Ban calls for greater efforts to remove barriers to women’s economic empowerment

Secretary-General Ban Ki-moon. UN Photo/Paulo Filgueiras

6 March 2012 – Secretary-General Ban Ki-moon today called for greater efforts to remove barriers that hinder women’s full participation in the economy, citing lack of access to jobs, markets, credit and property as some of the impediments.

“The meaningful participation of women in business – from the inclusion of women-owned businesses in supply chains, to having significant representation of women on corporate boards – also translates into stronger performance,” Mr. Ban told an event at UN Headquarters on gender equality for sustainable business.

Mr. Ban joined nearly 200 business leaders and representatives from civil society, governments and the UN to mark the second anniversary of ‘Equality Means Business,’ an initiative of the UN Entity for Gender Equality and the Empowerment of Women (UN Women) and the UN Global Compact that provides a roadmap on how business can empower women in the workplace, marketplace and community.

“We cannot achieve sustainable development without buy-in from business – from leading global corporations to small- and medium-size enterprises, from investors to entrepreneurs,” Mr. Ban told those attending the event, whose theme this year is ‘Gender Equality for Sustainable Business.’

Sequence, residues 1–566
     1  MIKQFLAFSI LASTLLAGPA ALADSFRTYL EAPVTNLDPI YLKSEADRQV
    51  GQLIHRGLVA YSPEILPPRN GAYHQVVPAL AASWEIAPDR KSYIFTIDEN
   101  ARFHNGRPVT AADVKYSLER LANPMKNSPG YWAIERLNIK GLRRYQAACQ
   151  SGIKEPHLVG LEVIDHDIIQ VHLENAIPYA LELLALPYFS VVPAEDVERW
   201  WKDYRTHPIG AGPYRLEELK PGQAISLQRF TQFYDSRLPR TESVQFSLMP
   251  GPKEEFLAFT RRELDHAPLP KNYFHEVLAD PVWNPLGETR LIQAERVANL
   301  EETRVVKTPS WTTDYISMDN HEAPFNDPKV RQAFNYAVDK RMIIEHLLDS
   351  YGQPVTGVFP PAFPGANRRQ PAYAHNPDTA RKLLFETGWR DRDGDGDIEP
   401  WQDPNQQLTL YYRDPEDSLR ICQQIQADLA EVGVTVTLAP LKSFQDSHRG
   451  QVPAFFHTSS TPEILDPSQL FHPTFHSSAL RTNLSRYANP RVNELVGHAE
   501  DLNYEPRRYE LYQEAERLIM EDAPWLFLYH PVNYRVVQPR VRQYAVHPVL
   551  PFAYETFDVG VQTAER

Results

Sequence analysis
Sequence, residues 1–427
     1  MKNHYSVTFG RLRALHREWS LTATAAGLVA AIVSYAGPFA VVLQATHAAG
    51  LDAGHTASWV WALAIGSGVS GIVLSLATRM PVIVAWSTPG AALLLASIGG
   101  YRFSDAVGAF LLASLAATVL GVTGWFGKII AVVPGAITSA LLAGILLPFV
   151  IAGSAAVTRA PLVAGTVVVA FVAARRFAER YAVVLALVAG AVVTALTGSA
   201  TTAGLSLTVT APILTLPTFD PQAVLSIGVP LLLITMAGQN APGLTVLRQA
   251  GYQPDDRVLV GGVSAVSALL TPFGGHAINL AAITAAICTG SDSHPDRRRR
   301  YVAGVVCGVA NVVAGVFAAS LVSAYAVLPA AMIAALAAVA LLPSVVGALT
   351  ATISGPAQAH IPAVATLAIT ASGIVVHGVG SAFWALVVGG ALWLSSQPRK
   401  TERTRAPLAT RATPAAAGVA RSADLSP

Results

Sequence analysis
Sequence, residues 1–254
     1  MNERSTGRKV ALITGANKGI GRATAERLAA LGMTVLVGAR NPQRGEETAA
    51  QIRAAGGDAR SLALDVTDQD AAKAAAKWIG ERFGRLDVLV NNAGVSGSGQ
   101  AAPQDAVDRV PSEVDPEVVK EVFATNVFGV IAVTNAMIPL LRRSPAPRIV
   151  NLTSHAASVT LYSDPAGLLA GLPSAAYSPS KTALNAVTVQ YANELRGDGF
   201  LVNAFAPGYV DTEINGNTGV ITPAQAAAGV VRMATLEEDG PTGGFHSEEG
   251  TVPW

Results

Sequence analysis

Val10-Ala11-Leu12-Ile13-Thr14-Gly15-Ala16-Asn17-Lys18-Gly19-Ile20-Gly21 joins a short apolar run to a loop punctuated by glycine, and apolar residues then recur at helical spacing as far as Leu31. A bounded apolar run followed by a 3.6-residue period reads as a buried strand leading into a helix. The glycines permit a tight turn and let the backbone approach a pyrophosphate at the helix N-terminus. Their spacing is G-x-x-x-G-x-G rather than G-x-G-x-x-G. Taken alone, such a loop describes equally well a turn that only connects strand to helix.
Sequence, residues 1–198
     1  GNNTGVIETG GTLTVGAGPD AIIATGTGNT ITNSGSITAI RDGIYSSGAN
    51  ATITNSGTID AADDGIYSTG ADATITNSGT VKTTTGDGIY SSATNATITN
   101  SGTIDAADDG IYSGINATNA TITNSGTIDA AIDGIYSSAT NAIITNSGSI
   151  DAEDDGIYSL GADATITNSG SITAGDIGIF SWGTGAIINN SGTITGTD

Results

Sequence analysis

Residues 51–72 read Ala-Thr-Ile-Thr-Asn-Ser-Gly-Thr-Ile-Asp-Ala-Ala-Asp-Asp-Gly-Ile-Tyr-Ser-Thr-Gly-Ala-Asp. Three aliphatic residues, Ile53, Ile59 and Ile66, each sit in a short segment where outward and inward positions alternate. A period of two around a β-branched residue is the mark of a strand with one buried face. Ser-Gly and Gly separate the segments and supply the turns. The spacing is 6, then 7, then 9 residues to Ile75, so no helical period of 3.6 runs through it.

“Nor can we achieve sustainability – at a corporate or a global level – without empowering the world’s women,” he added.

Michelle Bachelet, UN Women’s Executive Director, emphasized that countries and companies with higher levels of gender equality enjoy faster growth and better performance. “And the growth is more inclusive, which benefits all of us,” she said.

The Secretary-General said that the UN Women’s Empowerment Principles (WEPs) provide guidance on improving the status of women. Nearly 400 chief executives worldwide have publicly declared their commitment to implementing the WEPs over the past two years.

He pointed out that two other UN efforts, the ‘Every Women, Every Child’ initiative, aimed at improving the health of women and children, and the ‘Sustainable Energy for All’ initiative are also linked to the goal of achieving sustainable development while ensuring gender equality.

“Despite increased efforts, corporate sustainability and gender equality concerns often remain disconnected,” said Georg Kell, the Executive Director of the UN Global Compact. “More and more companies now recognize that business can maximize its contribution to sustainable development by prioritizing and integrating gender equality and women’s empowerment as key components of corporate sustainability.”


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